I know you want the absolute best for your dog. From finding a great vet to the perfect behaviourist to investing in pet products from companies whose business practices resonate with you, where you spend your money matters. You want the best for your budget and also to do business with someone whose values align with your own. 

Values matter. Not in a my ethics are better than yours kind of way. At least not only that. It’s OK to be discerning about who you spend your hard earned cash with. In fact you should be. Especially when you are a) going to spend a significant amount, and good behaviour help doesn’t come cheap and nor should it. And b) you are going to be spending a significant amount of time with this person. Wouldn’t it be nice if you kind of got on? Or at least had the same kind of priorities and intentions as far as what the training should look and feel like. 

Will they be your next bestie? No, probably not. But wouldn’t it be great if you could gel a little, maybe *gasp* have some fun while you’re working together? Or maybe you would prefer a more formal relationship, that’s cool too. But how are you going to know what they’re like and what they think is important without asking a few questions?

So if you’ve recently found someone you think would be the perfect dog behaviourist, here’s a list of questions to ask before hiring them. Of course, you can always ask ME these questions as well!

What To Ask When You Find a Dog Behaviourist You Like 

1. What is their philosophy and approach to training? 

Does it align with how you want to live with your dog? Do they talk about building behaviours and a behavioural repertoire? Setting your dog up for success? Or do they talk about a balance of rewards and corrections or punishments so your dog knows when they’ve got things wrong?

I fall on the side of setting up for success, building behaviours and repertoires with never intentionally using aversives or applying corrections. If you feel strongly that dogs need to know when they are wrong, we aren’t going to work well together.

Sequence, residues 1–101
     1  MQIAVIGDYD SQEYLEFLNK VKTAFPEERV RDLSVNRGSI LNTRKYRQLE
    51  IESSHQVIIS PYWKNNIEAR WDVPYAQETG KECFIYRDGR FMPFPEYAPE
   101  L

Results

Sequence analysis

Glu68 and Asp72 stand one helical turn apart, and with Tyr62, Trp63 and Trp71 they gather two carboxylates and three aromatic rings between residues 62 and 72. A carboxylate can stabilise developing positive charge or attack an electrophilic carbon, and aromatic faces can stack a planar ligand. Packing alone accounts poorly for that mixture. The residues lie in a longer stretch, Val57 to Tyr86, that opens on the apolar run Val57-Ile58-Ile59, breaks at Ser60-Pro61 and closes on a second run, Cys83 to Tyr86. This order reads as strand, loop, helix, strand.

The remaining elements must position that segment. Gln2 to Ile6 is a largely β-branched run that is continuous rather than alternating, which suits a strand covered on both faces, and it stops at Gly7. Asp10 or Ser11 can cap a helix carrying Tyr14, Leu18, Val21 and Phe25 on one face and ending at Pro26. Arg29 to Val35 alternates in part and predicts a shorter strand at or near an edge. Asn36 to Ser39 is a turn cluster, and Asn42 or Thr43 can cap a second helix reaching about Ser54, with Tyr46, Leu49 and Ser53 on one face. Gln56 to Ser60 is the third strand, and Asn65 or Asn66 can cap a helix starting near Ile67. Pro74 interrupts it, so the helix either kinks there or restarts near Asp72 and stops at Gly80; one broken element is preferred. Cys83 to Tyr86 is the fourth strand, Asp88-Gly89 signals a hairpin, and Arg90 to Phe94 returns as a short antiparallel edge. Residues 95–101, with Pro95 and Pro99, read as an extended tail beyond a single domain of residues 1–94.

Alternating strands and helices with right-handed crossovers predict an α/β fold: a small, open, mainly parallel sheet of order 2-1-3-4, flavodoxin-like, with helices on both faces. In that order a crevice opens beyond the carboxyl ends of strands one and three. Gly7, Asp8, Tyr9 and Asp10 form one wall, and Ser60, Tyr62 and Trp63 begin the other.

2. What techniques do they think work best? 

This is a follow up to the previous question. If they’ve said they use positive reinforcement – what exactly do they mean by that? Will they use clicker training? Reward with food or toys? And if they’ve said they use corrections – how will they apply those corrections? Will you be expected to use a check chain? Prong collar? Shock collar? 

I don’t hide the fact that I believe aversive-based training is detrimental to the welfare of dogs and other animals (humans included). Positive reinforcement, clicker training, using food, toys, enrichment will be the basis of any plan I devise. I will not use equipment like check chains, prong or shock collars. I will not intentionally set the dogs up to get it wrong so we can apply a correction. And if they do get it wrong, nothing will happen. Other than going back to the plan to figure out what needs changing. 

3. What are the biggest mistakes they see pet parents make? 

There’s no right answer here, but there’s probably plenty of wrong ones! Do they talk about things like expecting too much too soon? Inconsistency? Or not being alpha/strong/a leader? 

Does the way they speak about it make you feel like you’re going to be in trouble all the time? Or do they speak to how they will help you overcome or avoid these pitfalls?

My answer is it depends, but it’s never not being an alpha or strong enough leader. My job is to help you and your dog be successful. So if you’re making mistakes it’s on me to either teach you the skills you need, break things down adequately, or to change the plan.

4. Have they ever dealt with a pet with your special circumstance?

Whether that’s your dog’s age, physical abilities, medical needs or the problem itself. Do they have experience with the behaviour problem you are having, maybe they specialise in it? If your dog has special dietary needs and they use food based techniques have they had to tackle that before?